Chemical and isotopic analyses of pore water from permafrost cores taken from the dry lake bed of ancient Lake Atna in the Copper River Basin and from an upland loess deposit northeast of Fairbanks, Alaska reveal information about the local past environments not available by other means. Thawed core samples from both sites were analyzed for delta18O and deltaD values using an isotope ratio mass spectrometer. Water content was determined as well, and subsamples of the cores were analyzed for nitrogen and carbon content. Water extracts of the core samples were analyzed for cations (Ca, Mg, K and Fe), as well as pH, electrical conductivity, and bicarbonate. Magnetic susceptibility was determined on samples from the Fairbanks site. Data from samples taken from the Lake Atna site revealed a sequence of events that occurred in the basin after the lake drained about 10,000 years ago. At one location, oxygen isotopes show that permafrost formed continuously down through the lakebed. At the other location, 400 m distant, oxygen isotopes show that after permafrost formed, a thaw lake was produced on top of the permafrost. After the thaw lake had drained at least one wildfire passed through the area, large enough to thaw the surface permafrost to a depth of over 2 m at both core sites. The surface permafrost refroze, and currently the permafrost at the research site extends from 1 m depth to between 45 and 55 m depth. At the Fairbanks site chemical analyses showed indications of pedogenesis at several depths in the loess profile of the permafrost core. Water isotope data from a site where the permafrost table is at less than 1 m depth show repeated episodes of thawing and refreezing. Charcoal and ash in several layers of soil in the area and from the sample core suggest that fire may be the cause for the thawing events. The primary core water isotope analyses also show several thawing and refreezing events, but the depths of the signatures in the core indicate that these episodes happened thousands of years ago when the ground surface was much lower than it is today.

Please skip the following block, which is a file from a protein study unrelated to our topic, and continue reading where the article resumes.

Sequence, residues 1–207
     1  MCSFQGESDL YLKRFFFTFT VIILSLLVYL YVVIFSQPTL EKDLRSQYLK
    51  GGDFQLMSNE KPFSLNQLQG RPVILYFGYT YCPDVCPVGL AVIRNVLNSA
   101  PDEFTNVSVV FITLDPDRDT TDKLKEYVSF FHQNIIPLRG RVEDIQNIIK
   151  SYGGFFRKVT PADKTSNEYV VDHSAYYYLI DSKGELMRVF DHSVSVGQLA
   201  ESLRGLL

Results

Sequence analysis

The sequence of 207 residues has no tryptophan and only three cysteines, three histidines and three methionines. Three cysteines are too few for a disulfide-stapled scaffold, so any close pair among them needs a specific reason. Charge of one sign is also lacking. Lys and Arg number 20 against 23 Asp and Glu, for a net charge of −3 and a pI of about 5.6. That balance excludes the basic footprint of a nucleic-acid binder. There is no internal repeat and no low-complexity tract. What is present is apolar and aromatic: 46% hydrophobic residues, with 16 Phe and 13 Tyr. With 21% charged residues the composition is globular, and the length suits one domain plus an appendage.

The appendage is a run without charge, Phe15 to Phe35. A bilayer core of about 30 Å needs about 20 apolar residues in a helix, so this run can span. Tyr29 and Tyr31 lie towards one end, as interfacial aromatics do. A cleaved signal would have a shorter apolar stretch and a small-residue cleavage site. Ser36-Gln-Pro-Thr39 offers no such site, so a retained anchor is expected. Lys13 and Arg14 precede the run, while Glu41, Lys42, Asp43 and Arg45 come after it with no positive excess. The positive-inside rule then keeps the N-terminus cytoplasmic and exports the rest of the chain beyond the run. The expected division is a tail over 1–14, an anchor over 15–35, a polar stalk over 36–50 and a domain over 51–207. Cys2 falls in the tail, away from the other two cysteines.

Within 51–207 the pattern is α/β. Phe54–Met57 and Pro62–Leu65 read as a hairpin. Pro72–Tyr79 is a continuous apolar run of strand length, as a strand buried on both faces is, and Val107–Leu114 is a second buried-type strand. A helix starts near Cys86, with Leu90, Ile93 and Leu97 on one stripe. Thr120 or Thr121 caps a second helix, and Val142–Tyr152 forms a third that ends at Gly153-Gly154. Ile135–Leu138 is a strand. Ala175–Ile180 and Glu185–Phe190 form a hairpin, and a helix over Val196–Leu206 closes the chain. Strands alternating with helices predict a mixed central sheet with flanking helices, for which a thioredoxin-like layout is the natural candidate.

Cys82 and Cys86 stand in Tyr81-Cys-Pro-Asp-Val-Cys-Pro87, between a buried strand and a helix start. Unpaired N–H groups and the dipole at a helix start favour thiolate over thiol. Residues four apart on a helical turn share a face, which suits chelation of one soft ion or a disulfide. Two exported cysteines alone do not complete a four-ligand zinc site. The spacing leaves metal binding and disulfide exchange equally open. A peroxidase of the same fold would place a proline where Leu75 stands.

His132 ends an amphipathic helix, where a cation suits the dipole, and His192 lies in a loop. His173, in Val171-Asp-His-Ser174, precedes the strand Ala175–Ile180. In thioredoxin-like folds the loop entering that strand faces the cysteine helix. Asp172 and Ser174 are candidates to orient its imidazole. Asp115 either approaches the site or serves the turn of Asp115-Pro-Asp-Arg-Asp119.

Thesis (Ph.D.) University of Alaska Fairbanks, 2012
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